- The Washington Times - Sunday, November 2, 2008

ANALYSIS/OPINION:

ANALYSIS/OPINION:

COMMENTARY:

Americans recently were introduced to Joe the Plumber, whose impromptu exchange with Barack Obama at a campaign stop became national news. Joe turned out not yet to be a plumber, but his chat with the candidate was revealing.

Mr. Obama looked at Joe and saw someone not making $250,000 per year, and thus unconcerned that Mr. Obama plans to raise taxes on the “rich.” But Joe sees himself as someone who someday might become rich enough to be taxed at a higher rate by a President Obama. And he does not want to see any newfound wealth confiscated. Joe thinks he pays enough already in taxes. The One knows better.

Much is made of Mr. Obama’s evident intelligence. Of his generation, he surely is among “the best and the brightest.” Yet of our seven finest presidents only one, Thomas Jefferson, could be called a first-class intellect. The other six - Washington, Lincoln, the Roosevelts, Truman and Reagan - are best described as what Justice Oliver Wendell Holmes called Franklin Roosevelt: a second-class intellect with a first-class temperament.

This is not coincidence, for first-class intellects are prone to what the ancient Greeks called hubris - “presumption of the gods.” Exemplifying this mindset is Barack Obama’s exclamation, upon clinching his party’s nomination: “This is the moment when the rise of the oceans began to slow and our planet began to heal.”

Mr. Obama’s clarion call brings to mind Al Gore urging lawmakers to join him in saving the planet. The Oracle of Climate Change said those who did so would become their generation’s “300,” a reference to the hit movie depicting Spartan valor.

Those of first-class intellect often hold two propositions: First, that they and their ilk are uniquely qualified to run the country; second, that they know what is best for the rest of us. They are not only found in government. Wall Street “Masters of the Universe” are cut from the same cloth. Such intellects are attracted to approaches that presume to solve intractable problems once and for all. They worship at the altar of pseudo-scientific computer models that presume to predict climate change a century into the future, or to assess the full range of financial risk for novel instruments of Byzantine complexity.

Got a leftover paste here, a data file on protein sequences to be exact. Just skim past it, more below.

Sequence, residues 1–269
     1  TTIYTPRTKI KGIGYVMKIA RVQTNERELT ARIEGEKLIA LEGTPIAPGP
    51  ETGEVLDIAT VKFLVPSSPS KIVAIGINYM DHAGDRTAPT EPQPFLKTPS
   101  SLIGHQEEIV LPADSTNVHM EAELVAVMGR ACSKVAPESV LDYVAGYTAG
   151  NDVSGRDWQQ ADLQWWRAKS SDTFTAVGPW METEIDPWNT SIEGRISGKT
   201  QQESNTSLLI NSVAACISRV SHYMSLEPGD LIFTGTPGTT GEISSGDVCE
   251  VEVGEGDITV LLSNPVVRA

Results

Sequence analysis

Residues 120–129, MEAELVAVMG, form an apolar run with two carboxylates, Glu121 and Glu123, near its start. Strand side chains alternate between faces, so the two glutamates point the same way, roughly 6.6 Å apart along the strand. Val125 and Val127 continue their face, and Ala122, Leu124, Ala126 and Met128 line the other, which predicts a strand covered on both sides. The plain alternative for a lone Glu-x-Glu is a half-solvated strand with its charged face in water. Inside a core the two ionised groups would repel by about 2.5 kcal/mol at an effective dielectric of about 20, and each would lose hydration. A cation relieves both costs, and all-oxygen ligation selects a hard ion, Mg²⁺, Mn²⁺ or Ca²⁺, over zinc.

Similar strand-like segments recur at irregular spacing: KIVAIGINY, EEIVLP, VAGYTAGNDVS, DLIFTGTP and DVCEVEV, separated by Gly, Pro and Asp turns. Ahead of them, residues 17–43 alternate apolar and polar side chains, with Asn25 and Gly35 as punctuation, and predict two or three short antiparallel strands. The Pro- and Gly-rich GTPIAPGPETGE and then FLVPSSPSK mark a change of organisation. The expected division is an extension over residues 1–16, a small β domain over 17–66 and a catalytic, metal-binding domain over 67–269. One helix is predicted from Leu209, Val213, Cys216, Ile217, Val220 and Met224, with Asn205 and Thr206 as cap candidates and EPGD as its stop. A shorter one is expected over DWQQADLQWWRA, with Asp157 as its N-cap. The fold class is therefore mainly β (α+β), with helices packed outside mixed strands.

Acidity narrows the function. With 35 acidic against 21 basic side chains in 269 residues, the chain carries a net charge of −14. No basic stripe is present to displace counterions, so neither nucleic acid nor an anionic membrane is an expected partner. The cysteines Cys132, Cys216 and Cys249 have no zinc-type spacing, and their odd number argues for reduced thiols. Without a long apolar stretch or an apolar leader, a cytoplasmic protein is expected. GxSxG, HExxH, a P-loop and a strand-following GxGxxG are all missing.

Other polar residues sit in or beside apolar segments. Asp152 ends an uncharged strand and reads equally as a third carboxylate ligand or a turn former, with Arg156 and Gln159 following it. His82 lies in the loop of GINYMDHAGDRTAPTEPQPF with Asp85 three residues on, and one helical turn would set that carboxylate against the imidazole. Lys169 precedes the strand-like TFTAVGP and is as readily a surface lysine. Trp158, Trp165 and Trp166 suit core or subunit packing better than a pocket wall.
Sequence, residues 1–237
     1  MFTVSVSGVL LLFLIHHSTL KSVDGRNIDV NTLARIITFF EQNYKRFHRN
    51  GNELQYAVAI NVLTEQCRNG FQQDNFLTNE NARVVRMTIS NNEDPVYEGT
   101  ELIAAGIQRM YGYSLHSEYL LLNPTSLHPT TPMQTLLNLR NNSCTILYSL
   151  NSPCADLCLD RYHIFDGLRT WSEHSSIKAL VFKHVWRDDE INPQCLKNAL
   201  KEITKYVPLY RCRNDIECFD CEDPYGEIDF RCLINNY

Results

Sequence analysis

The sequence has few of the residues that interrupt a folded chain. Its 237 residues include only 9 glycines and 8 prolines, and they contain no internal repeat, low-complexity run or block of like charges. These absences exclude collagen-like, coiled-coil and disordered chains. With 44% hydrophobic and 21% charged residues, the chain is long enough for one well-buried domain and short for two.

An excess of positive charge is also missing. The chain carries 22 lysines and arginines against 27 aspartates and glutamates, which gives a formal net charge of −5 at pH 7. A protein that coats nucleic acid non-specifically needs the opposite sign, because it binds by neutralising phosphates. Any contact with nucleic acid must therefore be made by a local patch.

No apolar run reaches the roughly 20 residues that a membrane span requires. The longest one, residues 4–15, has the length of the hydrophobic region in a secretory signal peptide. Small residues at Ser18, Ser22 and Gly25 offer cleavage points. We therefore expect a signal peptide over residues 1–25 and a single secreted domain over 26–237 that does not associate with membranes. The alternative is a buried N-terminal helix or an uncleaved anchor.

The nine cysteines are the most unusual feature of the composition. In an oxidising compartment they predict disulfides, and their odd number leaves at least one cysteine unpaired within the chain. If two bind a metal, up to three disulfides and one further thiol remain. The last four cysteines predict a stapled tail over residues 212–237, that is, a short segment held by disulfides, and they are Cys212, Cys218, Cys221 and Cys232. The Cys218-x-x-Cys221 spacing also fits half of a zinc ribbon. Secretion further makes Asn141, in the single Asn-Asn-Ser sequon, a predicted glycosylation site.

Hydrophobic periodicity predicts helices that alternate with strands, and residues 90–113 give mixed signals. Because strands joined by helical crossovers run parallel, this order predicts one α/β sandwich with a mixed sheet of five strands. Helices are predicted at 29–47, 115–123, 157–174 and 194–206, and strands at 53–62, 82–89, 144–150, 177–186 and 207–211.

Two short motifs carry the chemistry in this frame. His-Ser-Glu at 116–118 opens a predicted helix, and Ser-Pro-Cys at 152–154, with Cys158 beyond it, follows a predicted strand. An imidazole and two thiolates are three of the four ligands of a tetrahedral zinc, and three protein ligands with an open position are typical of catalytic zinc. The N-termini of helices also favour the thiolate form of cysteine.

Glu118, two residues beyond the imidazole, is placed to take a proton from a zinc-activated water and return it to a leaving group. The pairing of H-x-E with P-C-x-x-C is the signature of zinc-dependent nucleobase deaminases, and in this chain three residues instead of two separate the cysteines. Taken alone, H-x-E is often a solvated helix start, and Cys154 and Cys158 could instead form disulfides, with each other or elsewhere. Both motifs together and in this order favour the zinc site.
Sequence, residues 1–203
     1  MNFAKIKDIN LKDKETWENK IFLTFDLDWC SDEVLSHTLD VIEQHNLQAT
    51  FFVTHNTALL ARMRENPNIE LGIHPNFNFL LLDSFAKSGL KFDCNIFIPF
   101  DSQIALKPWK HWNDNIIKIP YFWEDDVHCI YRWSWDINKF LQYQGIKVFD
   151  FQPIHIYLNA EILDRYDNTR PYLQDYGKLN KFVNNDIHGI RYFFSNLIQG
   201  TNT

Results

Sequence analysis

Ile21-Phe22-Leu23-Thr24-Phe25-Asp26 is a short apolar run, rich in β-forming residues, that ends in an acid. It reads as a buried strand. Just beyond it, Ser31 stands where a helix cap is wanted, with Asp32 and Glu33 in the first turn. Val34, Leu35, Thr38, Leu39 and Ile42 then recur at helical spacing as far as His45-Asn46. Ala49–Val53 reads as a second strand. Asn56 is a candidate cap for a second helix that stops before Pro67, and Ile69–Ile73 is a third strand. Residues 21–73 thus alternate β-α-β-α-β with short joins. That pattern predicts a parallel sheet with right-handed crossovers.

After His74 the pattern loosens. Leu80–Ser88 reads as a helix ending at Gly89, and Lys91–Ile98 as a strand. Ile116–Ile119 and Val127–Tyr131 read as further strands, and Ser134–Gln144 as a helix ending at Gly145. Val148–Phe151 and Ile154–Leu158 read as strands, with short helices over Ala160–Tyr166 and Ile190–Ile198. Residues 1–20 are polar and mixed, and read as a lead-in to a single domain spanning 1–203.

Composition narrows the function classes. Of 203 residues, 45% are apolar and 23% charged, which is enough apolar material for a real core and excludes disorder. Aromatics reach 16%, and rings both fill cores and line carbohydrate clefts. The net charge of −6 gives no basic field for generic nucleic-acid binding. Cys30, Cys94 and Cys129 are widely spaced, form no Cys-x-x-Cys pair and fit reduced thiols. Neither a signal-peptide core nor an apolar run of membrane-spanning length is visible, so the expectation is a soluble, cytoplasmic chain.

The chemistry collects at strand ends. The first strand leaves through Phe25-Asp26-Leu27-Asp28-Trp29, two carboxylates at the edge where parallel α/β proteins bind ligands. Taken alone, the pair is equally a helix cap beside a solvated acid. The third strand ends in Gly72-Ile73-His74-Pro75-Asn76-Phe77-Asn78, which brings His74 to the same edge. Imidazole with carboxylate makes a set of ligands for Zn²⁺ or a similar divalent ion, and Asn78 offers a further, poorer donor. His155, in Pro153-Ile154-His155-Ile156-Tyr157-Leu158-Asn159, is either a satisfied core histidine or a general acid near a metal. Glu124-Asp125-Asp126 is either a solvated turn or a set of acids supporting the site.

They view Joe the Plumber as someone to rule, not as someone who might join their ranks among The Elect. Thus Joe Biden saying the plumbers he knows are not like Joe, making good money. Thus Michelle Obama, who thinks “we have to fix our souls [which are] broken in this nation,” chastising voters and warning them:

“Barack Obama will require you to work. He is going to demand that you shed your cynicism. That you put down your divisions. That you come out of your isolation, that you move out of your comfort zone. … Barack will never allow you to go back to your lives as usual - uninvolved, uninformed.”

The “best and the brightest” rarely make great leaders. They are too self-absorbed and self-righteous. They are not the leaders who made America what it is today. In addition to the presidents noted above, America was shaped by scientists like Thomas Edison, entrepreneurs like eBay’s Meg Whitman, artists like Duke Ellington. These leaders displayed talent leavened by humility. The latter brings a respect for what others can do. They aimed to enrich other people’s lives, not to rule over them.

John McCain and Sarah Palin celebrate Joe - and Josephine the Plumber. Mr. McCain’s real Spartan grit enduring five years of cruel captivity better prepares him for the White House than does a stint running the Harvard Law Review.

Mrs. Palin’s life as a small business owner, small town mayor and now state governor, better prepares her for the vice-presidency than Joe Biden’s six Senate terms that imbue in him the Beltway worldview. It better prepares her for the Oval Office than Barack Obama the community organizer, who promoted his pet causes on the taxpayer’s dime.

Let The Bard have the last word on The Elect: “Yond Cassius has a lean and hungry look. He thinks too much. Such men are dangerous.”

John C. Wohlstetter, a senior fellow at Discovery Institute, is the author of “The Long War Ahead and the Short War Upon Us,” and of the issues blog, “Letter From The Capitol.”

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